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The Institute was founded in 1946 by a group of key figures at the Tavistock Clinic including Elliott Jaques, Henry Dicks, Leonard Browne, Ronald Hargreaves, John Rawlings Rees, Mary Luff and Wilfred Bion, with Tommy Wilson as chairman, funded by a grant from the Rockefeller Foundation. Other well-known names that joined the group later were John D. Sutherland, John Bowlby, Eric Trist, and Fred Emery. Kurt Lewin, a member of the Frankfurt school in America, was an important influence on the work of the Tavistock, according to Eric Trist, who expresses his admiration for Lewin in his autobiography.
Perhaps the most influential figure to emerge from the Institute was the psychoanalyst Isabel Menzies Lyth. Her seminal (1959) paper 'A case study in the functioning of social systems as a defence against anxiety'inspired a whole of organisational theory focused on unconscious forces that shape organisational life.
Jock Sutherland became director of the new post-war Tavistock Clinic, when it was incorporated into the newly established British National Health Service in 1946. Ronald Hargreaves became deputy director of the World Health Organization. Tommy Wilson became chairman of the Tavistock Institute.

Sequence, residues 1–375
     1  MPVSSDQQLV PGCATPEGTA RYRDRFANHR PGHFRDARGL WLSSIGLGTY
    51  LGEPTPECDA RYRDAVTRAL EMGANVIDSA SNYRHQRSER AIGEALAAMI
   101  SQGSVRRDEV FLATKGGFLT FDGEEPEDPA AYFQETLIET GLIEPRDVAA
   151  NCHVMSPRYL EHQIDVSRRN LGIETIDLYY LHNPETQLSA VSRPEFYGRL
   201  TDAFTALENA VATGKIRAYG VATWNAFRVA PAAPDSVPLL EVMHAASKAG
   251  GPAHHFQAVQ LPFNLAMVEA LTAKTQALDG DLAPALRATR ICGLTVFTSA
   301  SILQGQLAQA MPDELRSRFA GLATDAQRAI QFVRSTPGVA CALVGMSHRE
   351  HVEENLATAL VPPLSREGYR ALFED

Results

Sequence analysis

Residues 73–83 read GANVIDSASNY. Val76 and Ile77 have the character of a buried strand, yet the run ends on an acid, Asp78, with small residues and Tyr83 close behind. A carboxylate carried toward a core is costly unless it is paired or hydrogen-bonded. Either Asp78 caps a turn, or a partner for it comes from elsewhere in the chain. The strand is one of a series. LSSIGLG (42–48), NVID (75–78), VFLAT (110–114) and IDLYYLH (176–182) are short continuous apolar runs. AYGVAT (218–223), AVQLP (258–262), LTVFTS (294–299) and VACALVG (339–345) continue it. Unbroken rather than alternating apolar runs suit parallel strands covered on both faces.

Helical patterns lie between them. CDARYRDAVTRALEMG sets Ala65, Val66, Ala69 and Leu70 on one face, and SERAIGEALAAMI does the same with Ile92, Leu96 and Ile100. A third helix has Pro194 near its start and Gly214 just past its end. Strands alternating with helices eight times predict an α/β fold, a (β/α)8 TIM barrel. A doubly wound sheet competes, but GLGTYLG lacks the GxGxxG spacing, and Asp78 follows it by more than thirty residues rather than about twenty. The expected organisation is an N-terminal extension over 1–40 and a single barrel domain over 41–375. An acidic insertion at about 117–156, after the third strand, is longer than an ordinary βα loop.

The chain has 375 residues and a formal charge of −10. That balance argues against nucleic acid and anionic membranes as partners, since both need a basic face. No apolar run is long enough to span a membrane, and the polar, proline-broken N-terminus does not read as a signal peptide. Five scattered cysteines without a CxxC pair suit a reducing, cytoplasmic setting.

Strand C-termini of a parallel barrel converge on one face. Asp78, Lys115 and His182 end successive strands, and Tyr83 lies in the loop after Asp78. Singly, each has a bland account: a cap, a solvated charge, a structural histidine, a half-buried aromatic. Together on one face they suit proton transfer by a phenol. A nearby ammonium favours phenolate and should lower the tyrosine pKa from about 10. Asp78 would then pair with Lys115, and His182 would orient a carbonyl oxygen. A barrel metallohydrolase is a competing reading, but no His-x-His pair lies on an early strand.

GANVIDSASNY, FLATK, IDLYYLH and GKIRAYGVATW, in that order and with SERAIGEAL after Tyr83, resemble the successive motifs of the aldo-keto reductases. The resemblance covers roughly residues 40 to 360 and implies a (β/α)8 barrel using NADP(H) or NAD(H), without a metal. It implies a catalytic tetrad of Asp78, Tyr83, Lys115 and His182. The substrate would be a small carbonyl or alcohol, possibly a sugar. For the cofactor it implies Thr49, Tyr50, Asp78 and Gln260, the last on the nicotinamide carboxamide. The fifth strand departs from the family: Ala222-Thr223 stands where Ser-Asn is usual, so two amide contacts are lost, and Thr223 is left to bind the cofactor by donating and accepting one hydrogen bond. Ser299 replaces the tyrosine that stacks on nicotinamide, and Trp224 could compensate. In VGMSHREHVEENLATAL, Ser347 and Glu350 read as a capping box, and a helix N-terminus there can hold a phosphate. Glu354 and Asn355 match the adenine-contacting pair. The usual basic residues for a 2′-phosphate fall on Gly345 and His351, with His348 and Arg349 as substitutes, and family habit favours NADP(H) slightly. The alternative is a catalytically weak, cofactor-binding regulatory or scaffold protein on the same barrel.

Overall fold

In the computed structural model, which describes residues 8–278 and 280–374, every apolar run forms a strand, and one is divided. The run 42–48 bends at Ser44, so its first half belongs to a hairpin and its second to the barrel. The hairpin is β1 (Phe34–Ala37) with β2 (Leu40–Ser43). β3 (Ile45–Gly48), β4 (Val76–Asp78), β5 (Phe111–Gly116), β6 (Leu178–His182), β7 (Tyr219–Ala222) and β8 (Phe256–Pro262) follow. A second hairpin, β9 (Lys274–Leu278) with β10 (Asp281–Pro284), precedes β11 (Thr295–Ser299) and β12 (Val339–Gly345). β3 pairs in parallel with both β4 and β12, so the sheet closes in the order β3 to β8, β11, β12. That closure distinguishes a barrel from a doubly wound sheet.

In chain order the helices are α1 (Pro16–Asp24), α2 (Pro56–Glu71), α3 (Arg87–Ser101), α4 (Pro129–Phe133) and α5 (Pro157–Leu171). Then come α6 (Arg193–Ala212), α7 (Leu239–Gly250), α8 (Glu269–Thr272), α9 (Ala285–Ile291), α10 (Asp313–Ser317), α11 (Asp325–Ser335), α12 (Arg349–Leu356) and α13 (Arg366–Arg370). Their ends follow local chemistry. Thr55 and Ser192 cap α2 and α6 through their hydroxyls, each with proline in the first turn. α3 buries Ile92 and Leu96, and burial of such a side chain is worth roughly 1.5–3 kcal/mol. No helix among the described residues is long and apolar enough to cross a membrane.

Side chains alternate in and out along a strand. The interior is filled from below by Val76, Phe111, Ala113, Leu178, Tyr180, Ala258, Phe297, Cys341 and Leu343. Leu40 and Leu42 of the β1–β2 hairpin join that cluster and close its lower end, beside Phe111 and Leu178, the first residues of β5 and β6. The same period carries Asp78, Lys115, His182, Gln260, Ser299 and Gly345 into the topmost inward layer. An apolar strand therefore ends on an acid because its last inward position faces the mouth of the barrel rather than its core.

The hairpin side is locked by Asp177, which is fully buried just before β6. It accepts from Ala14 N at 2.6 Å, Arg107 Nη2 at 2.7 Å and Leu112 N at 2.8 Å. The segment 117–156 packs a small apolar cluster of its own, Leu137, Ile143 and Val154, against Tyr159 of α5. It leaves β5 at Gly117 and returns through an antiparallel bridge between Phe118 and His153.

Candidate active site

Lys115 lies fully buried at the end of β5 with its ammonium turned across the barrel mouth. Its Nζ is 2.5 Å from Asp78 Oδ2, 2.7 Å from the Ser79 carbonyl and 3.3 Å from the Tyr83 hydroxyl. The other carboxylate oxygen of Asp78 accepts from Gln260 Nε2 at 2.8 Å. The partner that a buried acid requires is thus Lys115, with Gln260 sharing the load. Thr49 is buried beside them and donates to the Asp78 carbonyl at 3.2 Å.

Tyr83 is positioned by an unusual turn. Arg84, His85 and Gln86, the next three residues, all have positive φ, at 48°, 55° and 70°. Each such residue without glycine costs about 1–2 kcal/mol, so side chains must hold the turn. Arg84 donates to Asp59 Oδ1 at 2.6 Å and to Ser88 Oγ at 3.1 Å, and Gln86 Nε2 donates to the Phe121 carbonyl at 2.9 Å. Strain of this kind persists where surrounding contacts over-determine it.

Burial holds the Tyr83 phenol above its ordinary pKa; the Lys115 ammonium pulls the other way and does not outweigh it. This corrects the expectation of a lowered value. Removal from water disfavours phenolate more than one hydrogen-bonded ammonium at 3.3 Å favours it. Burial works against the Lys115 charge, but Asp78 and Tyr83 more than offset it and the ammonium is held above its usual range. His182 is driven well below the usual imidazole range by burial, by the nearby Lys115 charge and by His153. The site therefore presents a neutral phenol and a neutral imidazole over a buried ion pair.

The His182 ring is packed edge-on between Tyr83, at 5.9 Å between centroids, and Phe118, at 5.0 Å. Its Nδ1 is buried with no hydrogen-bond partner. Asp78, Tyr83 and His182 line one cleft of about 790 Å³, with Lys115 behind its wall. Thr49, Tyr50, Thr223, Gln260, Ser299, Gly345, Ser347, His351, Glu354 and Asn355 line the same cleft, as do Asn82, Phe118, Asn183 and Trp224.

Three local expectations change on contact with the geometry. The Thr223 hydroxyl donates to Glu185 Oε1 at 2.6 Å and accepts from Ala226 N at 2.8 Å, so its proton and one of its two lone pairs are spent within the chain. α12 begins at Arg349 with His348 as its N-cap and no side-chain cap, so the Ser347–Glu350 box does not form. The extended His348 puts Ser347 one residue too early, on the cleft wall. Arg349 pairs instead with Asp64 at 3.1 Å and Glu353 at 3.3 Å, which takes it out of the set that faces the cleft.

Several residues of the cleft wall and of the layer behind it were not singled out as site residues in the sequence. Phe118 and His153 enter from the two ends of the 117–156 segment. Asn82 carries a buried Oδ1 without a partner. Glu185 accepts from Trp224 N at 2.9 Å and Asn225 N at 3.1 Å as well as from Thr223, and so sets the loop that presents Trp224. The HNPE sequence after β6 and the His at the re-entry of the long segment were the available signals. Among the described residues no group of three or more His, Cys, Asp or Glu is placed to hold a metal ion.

Many well-known psychologists and psychiatrists have passed through the Tavistock Institute over the years, and it became known as the focal point in Britain for psychoanalysis and the psychodynamic theories of Sigmund Freud and his followers. Other names associated with the Tavistock are Melanie Klein, Carl Gustav Jung, J. A. Hadfield, Beckett, Charles Rycroft, Wilfred Bion, and R. D. Laing.
According to its website, the Institute engages in educational, research, and consultancy work in the social sciences and applied psychology. Its clients are chiefly public sector organizations, including the European Union, several British government departments, and some private clients. The Institute owns Human Relations, the international social sciences journal. It also edits the journal Evaluation.
It provides two MSc degree courses:
The Tavistock Institute shares common roots with other organisations that emerged from the Tavistock Clinic. This is a source of much confusion, though the facts can be ascertained from the historical account of the Tavistock by Eric Trist, one time chairman of the Institute.
The Clinic is now part of a National Health Service trust, while the "Tavistock Institute", which once did research in many areas and was funded by many sources, is now a charity.
The name "Tavistock Institute of Medical Psychology", which was the name used for the original parent body, is now used to refer to an organization that grew out of that parent body but now specializes in couples relationships under the section name of the "Tavistock Centre for Couple Relationships".